Ovez crafted his first silverware, a brooch or gulyaka, as a fifth form schoolboy. He was very proud of it. In Form 9, Ovez participated at the Republican Arts Exhibition with his works.
Ovez Soyunov devoted 36 years of his life to the jewelry art. The Turkmen national decorations crafted by him were displayed world-wide at the exhibitions in Russia, Canada, France, Germany, Turkey, Iran, South Africa. His works are exhibited in the National Museum of Turkmenistan in Ashgabat.
Over many years, Ovez Soyunov taught the jewelry art to nearly 100 persons.
"Certainly, not all of them have become jewelers subsequently, the master says, someone burnt his fingers and stopped attending classes, someone decided that the other craft would earn him more money, the third lacked enough patience. The labor of a jeweler is, first of all, patience. The family circumstances forced others to refuse the trade but ten men out of this hundred still work and their works make me happy. I believe they will be worthy successors.
"What about your children? Do they wish to continue the family tradition?"
"No, they followed the other path. My three sons and daughter know the whole working process and could have worked independently. Yet not everyone can become a poet or an artist, and a jeweler is the same poet and artist."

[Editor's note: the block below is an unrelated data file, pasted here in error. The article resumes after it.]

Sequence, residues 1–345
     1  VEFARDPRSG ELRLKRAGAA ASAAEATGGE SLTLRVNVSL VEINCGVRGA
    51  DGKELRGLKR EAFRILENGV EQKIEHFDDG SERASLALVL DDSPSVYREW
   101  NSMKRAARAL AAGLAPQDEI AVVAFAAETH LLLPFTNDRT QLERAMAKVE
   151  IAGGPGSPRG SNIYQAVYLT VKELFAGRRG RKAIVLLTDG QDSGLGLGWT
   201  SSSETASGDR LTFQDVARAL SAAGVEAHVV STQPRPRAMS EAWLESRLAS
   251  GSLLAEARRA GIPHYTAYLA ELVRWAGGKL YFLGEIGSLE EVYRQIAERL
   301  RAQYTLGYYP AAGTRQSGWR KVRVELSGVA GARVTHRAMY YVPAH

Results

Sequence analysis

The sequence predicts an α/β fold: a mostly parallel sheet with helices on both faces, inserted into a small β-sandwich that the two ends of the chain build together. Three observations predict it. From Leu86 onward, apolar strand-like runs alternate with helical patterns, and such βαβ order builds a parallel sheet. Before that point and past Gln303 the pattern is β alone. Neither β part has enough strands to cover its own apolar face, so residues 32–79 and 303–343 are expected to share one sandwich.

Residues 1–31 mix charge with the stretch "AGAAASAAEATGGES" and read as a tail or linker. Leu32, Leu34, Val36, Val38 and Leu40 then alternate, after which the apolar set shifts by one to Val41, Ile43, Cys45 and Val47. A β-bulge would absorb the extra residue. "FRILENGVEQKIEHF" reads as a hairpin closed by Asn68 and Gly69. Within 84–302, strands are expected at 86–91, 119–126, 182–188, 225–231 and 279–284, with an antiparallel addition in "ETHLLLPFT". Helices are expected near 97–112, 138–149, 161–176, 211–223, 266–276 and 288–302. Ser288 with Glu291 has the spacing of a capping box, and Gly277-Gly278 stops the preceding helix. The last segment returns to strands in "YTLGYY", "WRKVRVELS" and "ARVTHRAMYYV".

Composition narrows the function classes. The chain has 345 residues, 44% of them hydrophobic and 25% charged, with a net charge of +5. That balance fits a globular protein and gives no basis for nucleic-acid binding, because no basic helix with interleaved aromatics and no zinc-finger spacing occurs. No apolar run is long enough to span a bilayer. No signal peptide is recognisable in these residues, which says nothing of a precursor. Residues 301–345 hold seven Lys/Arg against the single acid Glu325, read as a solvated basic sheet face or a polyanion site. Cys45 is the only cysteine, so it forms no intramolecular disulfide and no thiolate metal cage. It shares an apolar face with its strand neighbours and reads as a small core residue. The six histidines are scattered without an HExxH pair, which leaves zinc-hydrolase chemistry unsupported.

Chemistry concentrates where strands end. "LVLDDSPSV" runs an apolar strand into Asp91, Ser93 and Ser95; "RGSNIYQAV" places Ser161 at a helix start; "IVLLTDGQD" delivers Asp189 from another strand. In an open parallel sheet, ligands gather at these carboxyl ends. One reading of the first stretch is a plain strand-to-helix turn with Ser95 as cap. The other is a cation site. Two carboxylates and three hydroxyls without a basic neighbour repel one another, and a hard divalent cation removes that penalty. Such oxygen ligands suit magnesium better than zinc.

We talked in Ovez's small shop with his instruments neatly lying on the long table. The fireplace was on and the fire in it lighted up the faces of the master's ancestors looking at us from the portraits on the wall. They were grey-haired aged people in big hats or telpeks and long-skirted robes or dons. I asked Ovez to show me the jewelry he made. Zerger spread out on the rug a striped piece of "keteni" cloth, traditional fabric of Turkmen women's dresses. Soon, the plain room was illuminated with soft, warm light. On the bright striped piece of cloth, as if treasures from oriental tales, there lied framed with silver jingles women's decorations with oblique angles, bracelets, "chepelik", "chaprak" and "changa" - adornments of antique gowns, blue turquoise and pinkish red cornelian dimly glimmered. A thought came: how strong the love for women may be to put such beauty on them!
"Ovez, you have said that a jeweler is a poet and an artist at the same time. I wonder, what is more in your creation - your own fantasy or following traditions?"
"I copy nothing. I try to introduce to any decoration my own, as I think, original features that are absent in other articles and prompted by my fantasy. However, I don't move far away from the traditional path. I strive to preserve and reflect the national character in every part. Turkmens do not perceive pretentiousness in anything, and we transform this natural quality to our jewelry. They seem simple at first sight, but having examined them closely, one can see rare combination of harmony, dignity, nobility and taste. Every Turkmen tribe has it own direction, style and traceries. They don't repeat each other and can be easily distinguished. In my works I collect the bouquet from these different ornaments and introduce my own motives and coloring."
"To my knowledge, Turkmen jewelers have always worked with silver and seldom, almost never, with gold. Why did they do so?"